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Better to Buy or Rent a House During the Pandemic?

By Annie Singh-Quern 

November 2021

Even with just two months left in the year, the heat is still on, that is, in the real estate world. Low interest rates, elevated construction costs, and labor shortages have spiralled the current market into a “crazy time.” Homes are teetering in the market for mere days, overzealous bids are surfacing at about $20,000 above the asking price, and cash offers are not uncommon. If you are in the market to sell, buy, or rent, you may find yourself at a crossroads, faced with the decision to act quickly or forever hold your peace. To add to your angst, you may still be left with the choice – should you buy or rent? 

We wish the decision to be a homeowner or a renter could be as easy as flipping a coin. It’s an important and life-changing decision that rests on so many factors. One of the bigger considerations is really having clarity about your finances, and also, if the joy of the results would outweigh the stress of the process. As you’ve probably realized, accompanying every big life decision, however positive, is eustress (good stress) and bad stress (just stress), and the home buying/selling process is no different, especially in today’s marketplace. It entails making the mental, and emotional decision, finding an expert agent, listing your home, preparing it for showings, making negotiations with strong prospects, getting the property appraised and inspected, choosing a lender, securing a mortgage (even with low interest rates one still has to qualify,) sealing the deal, closing, finding a new home (e.g. with the best schools), moving in, and getting set up (home warranty, utilities, pest control, security, etc.). Fortunately, an experienced local agent can help with all of the above.

You may get so caught up with the home buying/selling process as a future homeowner that you may underplay the other aspects that follow the purchase of the property, meaning, sitting down in front of the computer and planning a monthly budget. House payments, and fixed costs do not stop, and neither does home maintenance. Once you move into your new place, you’ll be faced with mortgage payments and property taxes. Maintenance costs are not limited to a new roof, pest control, plumbing, clogged septic, but may extend to hiring a landscaper. As you can see, it all adds up. Then what if “life happens” where you lose a job or fall ill, or have to take care of a loved one? Do you have at least six months of savings to cover your mortgage and house expenses if a big life event were to occur? 

The other side of the coin is to rent a home. The stress of doing so entails searching for a property, completing the application, moving in, paying utilities, and praying that the person next door or above you is indeed “neighborly.” If the situation does turn sour (with your landlord or neighbors,) you can break your contract, or wait for your term to end. Know that if you choose to rent, you don’t have to bother about the pesky property taxes or monthly Homeowners Association (HOA) fees.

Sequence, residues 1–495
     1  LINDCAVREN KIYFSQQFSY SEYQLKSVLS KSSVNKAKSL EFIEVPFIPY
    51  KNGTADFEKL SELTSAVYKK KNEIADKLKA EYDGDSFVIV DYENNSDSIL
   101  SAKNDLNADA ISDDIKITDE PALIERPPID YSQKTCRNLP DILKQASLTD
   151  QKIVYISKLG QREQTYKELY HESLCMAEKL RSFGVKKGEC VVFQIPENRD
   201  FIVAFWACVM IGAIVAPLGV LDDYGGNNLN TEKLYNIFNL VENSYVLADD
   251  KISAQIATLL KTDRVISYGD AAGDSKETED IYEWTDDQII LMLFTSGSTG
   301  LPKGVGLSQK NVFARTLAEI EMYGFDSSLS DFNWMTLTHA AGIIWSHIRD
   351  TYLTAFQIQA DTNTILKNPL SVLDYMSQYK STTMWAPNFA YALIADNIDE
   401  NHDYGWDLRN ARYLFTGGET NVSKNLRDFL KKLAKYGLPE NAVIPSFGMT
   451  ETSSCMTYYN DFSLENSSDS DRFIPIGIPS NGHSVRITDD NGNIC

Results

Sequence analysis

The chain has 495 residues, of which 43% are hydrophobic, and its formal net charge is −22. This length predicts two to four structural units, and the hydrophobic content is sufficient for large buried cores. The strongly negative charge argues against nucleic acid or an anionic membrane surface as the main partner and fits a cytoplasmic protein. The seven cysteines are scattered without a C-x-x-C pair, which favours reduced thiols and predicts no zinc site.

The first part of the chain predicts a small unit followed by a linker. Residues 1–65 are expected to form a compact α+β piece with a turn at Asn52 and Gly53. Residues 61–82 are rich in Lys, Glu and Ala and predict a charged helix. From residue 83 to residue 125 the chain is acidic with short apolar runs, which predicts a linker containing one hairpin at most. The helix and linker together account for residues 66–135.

In between the pleasure and pain of choosing whether to become a house owner or a renter, you could consider owning a condominium. Though your place may be smaller than the average house, you may be relieved of some utility bills. However, you will be tasked with the responsibility of paying HOA fees which could keep increasing on a yearly basis. In addition, it may be smart to budget for expenses that are seen (utilities and property taxes), and unseen (such as a broken water heater or a busted bathroom pipe). 

Should you be robbed of your dreams – to buy a home – just because of financial factors and other stressors? “Not at all,” says Amy Byars, a Financial Advisor with Country Financial. “The first step you should take is to sit down with your Financial Advisor and create a plan.” Do you want your dream house? How much will it cost? Do you have the means to buy one now? If you are unable to win your dream house right now, then ask your realtor to help you look for a smaller property but be on the look-out for your dream home. Building a long-term relationship with your realtor and sharing your dreams will definitely be of benefit as once a property comes on the market, you will be the first person your realtor will call!

The saying – “There is no place like home” is true when you do find “the one.” Purchasing a home is an investment, and it will most likely appreciate over the years. Do you plan to be in an area for seven to 10 years? If so, it might be a wise move to buy a home (rather than rent one), especially if you have ample savings or your job is secure (as it takes about six to seven years to pay off the interest before diving into the principal of the mortgage). With a house rather than a condo, or a rental property, you’ll have more room to work (especially if you’ve decided on a home office) and play (with your family which could include man’s best friend), and more freedom to do upgrades and home improvements to make your dream home even more dreamy. 

So, the decision to buy or rent could rest on your capacity to endure stress, your financial health and your long-term goals. To have a clear picture, it might be worth your while to consult with a Financial Advisor who will be able to paint a clear picture of your financial profile and help you take the steps to get to your goal – even if it’s your ultimate dream home. You may also want to sit down with your trusted Realtor who will stay abreast of the properties currently in the marketplace, in addition to those that may enter it in the future. However, in this current market situation, you’d have to quickly weigh the pros and cons than you would normally do just to not get caught in the crossfire. 

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